Take the 2-minute tour ×
Stack Overflow is a question and answer site for professional and enthusiast programmers. It's 100% free, no registration required.

I'd like to create an application using C# that...:

  • Can be run as a Windows application, with a GUI (it'll indicate progress, status, etc.)

    OR

  • Can be run as a Windows service, without a GUI

Is it possible? Can someone get me started?

I guess the alternative is that I could create a Windows service, and then a separate GUI application which can poll the Windows service to fetch data from it (progress, status, etc.).

In that case... how can I fetch data from the Windows service from my GUI application?

share|improve this question
add comment

5 Answers

I'm doing something similar to what you're asking for. I have programmed it so that if you send the command line parameter "/form" to the executable, it will pop up a windows form instead of running as a service.

As far as running the background job itself, in both cases you will need to do some sort of threading (perhaps with a timer) to do the work and report status back to your form asynchronously. This would be a whole different discussion topic on creating threaded GUI apps.

The "form or service" code goes something like this:

static class Program
{
	/// <summary>
	/// The main entry point for the application.
	/// </summary>
	private static void Main(string[] args)
	{
		if (args.Length > 0 && args[0] == "/form")
		{
			var form = new MainForm();
			Application.Run(form);
			return;
		}

		var ServicesToRun = new ServiceBase[]
	        {
		        new BackgroundService()
	        };

		ServiceBase.Run(ServicesToRun);
	}
}
share|improve this answer
add comment

I've never done an app that can be run as a windows service or a GUI, but we have a lot of apps that you can switch between console app and windows service using a compiler flag. (I just saw the answer with the cmd line arg - that might even be better!)

We usually then just use a compiler flag to switch between the two. Here's an example... I didn't completely think this through, but it might give you a start:

#define RUN_AS_SERVICE

using System;
using System.Collections.Generic;
using System.Linq;
using System.Windows.Forms;
using System.ServiceProcess;

namespace WindowsFormsApplication1
{
    static class Program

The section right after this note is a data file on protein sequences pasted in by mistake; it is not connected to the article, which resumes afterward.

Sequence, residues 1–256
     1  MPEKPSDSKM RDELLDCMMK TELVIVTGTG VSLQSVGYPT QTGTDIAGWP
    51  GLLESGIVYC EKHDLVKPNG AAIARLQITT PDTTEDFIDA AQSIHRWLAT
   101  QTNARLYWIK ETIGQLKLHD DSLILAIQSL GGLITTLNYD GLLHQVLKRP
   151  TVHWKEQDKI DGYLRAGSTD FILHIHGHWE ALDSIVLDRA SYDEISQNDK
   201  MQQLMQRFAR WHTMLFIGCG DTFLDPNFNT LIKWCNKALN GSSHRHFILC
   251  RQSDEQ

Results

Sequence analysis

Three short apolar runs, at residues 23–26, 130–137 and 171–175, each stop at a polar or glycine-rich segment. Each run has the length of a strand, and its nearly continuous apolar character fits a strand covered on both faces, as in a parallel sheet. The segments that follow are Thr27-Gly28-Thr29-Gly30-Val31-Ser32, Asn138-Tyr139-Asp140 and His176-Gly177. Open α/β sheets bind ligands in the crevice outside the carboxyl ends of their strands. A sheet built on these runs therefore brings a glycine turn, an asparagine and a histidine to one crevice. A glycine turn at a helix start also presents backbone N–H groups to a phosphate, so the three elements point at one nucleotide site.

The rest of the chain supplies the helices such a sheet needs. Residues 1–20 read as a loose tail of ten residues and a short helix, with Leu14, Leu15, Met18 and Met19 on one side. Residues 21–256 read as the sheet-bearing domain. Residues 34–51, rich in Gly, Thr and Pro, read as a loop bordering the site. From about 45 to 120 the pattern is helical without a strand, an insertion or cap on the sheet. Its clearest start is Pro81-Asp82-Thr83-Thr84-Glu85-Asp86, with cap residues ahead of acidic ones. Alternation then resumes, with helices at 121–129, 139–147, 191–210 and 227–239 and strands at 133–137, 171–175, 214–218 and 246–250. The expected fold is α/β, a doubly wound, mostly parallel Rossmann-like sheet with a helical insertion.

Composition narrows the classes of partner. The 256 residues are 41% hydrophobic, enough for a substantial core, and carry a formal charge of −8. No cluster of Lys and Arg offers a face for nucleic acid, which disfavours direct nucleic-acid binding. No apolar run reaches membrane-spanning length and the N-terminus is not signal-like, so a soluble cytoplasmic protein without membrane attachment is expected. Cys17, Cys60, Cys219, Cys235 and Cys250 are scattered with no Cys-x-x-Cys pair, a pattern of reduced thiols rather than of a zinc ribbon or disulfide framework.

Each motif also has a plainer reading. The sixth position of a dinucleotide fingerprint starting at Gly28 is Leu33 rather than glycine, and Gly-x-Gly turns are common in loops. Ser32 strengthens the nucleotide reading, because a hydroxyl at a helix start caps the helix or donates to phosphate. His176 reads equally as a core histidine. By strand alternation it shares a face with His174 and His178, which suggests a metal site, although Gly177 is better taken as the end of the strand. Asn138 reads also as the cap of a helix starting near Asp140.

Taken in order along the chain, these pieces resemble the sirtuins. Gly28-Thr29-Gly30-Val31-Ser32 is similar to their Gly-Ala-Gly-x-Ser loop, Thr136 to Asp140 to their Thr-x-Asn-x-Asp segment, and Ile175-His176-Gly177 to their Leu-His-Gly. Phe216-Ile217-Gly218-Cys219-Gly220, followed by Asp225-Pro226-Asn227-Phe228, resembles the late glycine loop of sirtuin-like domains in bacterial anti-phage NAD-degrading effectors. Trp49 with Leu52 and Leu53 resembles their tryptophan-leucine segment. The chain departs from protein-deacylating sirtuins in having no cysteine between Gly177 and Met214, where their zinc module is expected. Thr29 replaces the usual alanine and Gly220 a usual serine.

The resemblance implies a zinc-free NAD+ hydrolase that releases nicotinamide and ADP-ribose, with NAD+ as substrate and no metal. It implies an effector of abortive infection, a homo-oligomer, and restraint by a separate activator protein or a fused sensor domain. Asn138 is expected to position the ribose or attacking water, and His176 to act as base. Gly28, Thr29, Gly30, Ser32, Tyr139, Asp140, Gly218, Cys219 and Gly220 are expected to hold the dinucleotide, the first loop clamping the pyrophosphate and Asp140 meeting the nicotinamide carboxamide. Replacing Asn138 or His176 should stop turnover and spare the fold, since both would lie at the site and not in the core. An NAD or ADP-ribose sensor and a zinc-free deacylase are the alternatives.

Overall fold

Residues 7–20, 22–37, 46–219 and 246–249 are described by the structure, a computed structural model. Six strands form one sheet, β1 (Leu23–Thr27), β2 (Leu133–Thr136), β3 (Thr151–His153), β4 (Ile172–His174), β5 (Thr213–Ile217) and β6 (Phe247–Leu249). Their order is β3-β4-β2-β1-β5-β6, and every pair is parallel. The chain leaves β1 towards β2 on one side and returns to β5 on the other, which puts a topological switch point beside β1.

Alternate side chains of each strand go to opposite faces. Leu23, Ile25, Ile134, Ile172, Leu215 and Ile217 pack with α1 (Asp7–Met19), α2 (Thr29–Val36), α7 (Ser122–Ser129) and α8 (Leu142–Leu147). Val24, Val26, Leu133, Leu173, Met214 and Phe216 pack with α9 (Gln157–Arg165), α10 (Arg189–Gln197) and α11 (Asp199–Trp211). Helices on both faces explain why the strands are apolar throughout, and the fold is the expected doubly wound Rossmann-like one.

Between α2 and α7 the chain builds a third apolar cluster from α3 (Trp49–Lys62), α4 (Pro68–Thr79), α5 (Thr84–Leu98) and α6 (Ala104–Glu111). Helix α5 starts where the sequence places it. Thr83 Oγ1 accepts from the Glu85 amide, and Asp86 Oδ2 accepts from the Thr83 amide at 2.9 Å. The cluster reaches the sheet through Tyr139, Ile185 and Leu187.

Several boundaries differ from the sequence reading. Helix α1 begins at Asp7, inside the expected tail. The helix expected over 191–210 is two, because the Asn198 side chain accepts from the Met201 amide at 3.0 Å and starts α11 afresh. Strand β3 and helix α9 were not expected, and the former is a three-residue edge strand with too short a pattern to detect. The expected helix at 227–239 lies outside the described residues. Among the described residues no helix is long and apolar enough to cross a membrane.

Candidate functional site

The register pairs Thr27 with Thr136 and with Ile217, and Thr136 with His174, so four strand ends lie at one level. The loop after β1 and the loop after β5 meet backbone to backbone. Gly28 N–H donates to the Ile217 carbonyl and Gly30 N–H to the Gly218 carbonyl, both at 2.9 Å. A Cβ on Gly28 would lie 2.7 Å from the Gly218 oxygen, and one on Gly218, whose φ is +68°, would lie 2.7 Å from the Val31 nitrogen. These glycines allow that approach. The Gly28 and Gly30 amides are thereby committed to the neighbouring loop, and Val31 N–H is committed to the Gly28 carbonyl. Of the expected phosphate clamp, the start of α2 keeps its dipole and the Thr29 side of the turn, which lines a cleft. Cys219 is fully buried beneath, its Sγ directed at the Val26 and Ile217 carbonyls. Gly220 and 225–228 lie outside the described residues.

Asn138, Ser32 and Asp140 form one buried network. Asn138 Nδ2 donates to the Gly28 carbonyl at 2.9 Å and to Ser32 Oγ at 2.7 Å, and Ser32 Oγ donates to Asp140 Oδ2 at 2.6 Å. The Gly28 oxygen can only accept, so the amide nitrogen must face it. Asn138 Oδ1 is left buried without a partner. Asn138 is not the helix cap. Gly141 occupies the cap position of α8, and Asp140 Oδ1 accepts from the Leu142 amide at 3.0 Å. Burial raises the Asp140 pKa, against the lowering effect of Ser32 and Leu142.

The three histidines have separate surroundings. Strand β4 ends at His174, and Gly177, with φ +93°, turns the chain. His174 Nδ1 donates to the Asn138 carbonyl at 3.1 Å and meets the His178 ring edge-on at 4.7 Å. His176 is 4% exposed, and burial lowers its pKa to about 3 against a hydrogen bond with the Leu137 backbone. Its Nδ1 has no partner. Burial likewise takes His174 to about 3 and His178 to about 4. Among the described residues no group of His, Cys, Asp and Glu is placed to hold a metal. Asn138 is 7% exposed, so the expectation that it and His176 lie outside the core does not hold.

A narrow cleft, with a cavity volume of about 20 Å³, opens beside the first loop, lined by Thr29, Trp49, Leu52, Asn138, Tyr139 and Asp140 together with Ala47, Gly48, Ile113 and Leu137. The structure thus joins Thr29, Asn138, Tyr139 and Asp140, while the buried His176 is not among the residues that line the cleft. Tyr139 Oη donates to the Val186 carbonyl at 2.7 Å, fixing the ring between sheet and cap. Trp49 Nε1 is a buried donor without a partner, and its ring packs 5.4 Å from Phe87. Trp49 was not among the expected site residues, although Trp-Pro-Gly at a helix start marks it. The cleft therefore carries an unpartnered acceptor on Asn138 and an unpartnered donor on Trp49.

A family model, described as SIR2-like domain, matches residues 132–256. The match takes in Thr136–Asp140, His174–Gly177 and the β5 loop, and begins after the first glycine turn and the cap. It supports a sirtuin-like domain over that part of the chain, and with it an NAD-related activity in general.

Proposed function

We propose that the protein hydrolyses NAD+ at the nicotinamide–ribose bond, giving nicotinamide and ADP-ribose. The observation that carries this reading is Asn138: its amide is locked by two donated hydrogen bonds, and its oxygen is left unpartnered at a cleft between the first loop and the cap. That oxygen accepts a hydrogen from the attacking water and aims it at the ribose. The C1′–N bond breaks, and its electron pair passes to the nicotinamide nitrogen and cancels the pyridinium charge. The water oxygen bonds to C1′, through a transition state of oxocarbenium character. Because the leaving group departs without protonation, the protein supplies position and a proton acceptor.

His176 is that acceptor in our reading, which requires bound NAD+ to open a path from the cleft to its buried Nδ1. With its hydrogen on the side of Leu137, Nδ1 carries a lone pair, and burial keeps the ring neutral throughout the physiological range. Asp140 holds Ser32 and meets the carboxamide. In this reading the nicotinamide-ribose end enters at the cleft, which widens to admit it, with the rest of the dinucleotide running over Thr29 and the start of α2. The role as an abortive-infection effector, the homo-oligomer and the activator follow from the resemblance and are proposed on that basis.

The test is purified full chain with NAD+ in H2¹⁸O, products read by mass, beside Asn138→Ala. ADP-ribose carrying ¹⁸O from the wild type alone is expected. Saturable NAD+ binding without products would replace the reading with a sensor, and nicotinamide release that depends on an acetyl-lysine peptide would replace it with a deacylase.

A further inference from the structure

{
        /// <summary>
        /// The main entry point for the application.
        /// </summary>
        [STAThread]
        static void Main()
        {
#if RUN_AS_SERVICE

            System.ServiceProcess.ServiceBase[] ServicesToRun;
            ServicesToRun = new System.ServiceProcess.ServiceBase[]
            {
                new MyService()
            };
            System.ServiceProcess.ServiceBase.Run(ServicesToRun);
#else
            // Run as GUI
            Application.EnableVisualStyles();
            Application.SetCompatibleTextRenderingDefault(false);
            Application.Run(new Form1());
#endif
        }
    }
    public class MyService : ServiceBase
    {
        protected override void OnStart(string[] args)
        {
            // Start your service
        }

        protected override void OnStop()
        {
            // Stop your service
        }
    }
}
share|improve this answer
add comment

Build the actual application in libraries. You can then add any UI (I say this loosely, as service is not really a UI) you desire. As long as you think of the app as a windows aplication and a service application, you are developing two applications. If you think of the application as the business problem it solves, you will then think of the windows forms UI and the service UI, which is much saner for your needs.

While this may sound sane, you would be surprised how many applications need a complete overwrite to become a different UI type. thank you for the question. It convinces me there is a need for the book I am writing. :-)

share|improve this answer
add comment

You should go with the latter option. Create your service and then a seperate GUI app. Most of the plumbing for doing all this is already provided for you in the framework. Have a look at the ServiceController class.

share|improve this answer
    
This option sounds the most promising so far... but I need to do more than just stop, start, and pause the service. I need to be able to send the service specific commands to make it do other stuff, and send commands to retrieve data from the service... Can ServiceController do this? –  Keith Palmer - consolibyte Feb 20 '09 at 1:07
    
+1 This is probably the best idea imo. In my case, All of the settings for my services are stored in an xml document. My services all run on timers and each time the event triggers, it checks the settings file. –  SnOrfus Apr 27 '09 at 18:03
add comment

Your Answer

 
discard

By posting your answer, you agree to the privacy policy and terms of service.

Not the answer you're looking for? Browse other questions tagged or ask your own question.